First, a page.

Charlie Beale drove into town out of nowhere in an old beat-up pickup truck. On the seat beside him there were two suitcases. One was thin cardboard and had seen a lot of wear and in it were all of Charlie Beale’s clothes and a set of butcher knives, sharp as razors.

The other one was made of tin and it had a lock because it was filled with money. A lot of money. Charlie wore the key to the lock on a chain around his throat.

He paid Russell Hostetter a dollar a night to let him park his truck out in a field by the river, three miles outside of town, and he slept in the flatbed, sleeping on one old quilt, covered by another, and he bathed in the river in the dark with soap and a towel he bought at the general store. The summer moonlight filtered through the willow branches and made shadows on his pale, glistening back. The black, cool water sparkled as he shook out his wet hair, turned from brown to the black of the water and the starlit night. One thing about Charlie Beale, he was always clean. He dried his wet skin with the rough towel, rubbing until it was red, as though he had been slapped.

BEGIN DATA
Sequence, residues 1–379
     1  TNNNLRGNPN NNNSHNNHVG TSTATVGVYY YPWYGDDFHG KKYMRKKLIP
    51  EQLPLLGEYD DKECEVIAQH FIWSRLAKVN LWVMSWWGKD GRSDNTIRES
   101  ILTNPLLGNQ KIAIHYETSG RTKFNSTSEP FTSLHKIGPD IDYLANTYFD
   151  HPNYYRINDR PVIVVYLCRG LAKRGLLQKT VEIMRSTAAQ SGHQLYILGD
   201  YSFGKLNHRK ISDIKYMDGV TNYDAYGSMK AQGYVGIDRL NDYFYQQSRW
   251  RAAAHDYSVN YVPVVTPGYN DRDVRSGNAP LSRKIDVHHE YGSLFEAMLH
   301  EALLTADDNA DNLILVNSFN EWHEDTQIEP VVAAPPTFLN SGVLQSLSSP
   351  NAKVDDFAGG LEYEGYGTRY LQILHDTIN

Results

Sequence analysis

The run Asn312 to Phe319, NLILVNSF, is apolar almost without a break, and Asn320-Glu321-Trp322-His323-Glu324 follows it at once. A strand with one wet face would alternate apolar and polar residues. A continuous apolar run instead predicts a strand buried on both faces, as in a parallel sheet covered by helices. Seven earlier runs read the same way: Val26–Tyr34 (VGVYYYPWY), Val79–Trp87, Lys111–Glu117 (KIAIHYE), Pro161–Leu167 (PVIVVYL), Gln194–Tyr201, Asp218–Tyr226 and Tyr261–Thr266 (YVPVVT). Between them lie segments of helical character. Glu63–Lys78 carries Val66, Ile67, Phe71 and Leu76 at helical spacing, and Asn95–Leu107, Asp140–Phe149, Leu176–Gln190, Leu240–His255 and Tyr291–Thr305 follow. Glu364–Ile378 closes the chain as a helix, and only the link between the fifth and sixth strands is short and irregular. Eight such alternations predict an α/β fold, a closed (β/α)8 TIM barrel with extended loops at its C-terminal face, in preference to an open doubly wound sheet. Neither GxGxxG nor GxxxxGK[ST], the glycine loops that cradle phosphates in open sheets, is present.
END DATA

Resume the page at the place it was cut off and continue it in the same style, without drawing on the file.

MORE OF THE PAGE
Every night, before he slept, before he turned down the kerosene lamp he kept with him and lay back to marvel at the vastness of the sky, he drank a glass of whiskey and smoked a Lucky Strike, and then he wrote in his diary. Mostly it was just the state of things, the temperature, the amount of rainfall, little things. Hot today, he would write. Snow, twelve inches. Or, Saw an eagle. He wasn’t a poetic man. Thirty-nine years on the planet had beaten the poetry out of him.